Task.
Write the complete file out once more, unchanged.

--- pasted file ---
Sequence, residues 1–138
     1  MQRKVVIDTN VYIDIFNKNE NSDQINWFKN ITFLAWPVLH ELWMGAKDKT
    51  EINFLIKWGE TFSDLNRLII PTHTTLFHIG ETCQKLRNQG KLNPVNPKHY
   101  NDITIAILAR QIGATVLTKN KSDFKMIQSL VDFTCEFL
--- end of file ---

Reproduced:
Sequence, residues 1–138
     1  MQRKVVIDTN VYIDIFNKNE NSDQINWFKN ITFLAWPVLH ELWMGAKDKT
    51  EINFLIKWGE TFSDLNRLII PTHTTLFHIG ETCQKLRNQG KLNPVNPKHY
   101  NDITIAILAR QIGATVLTKN KSDFKMIQSL VDFTCEFL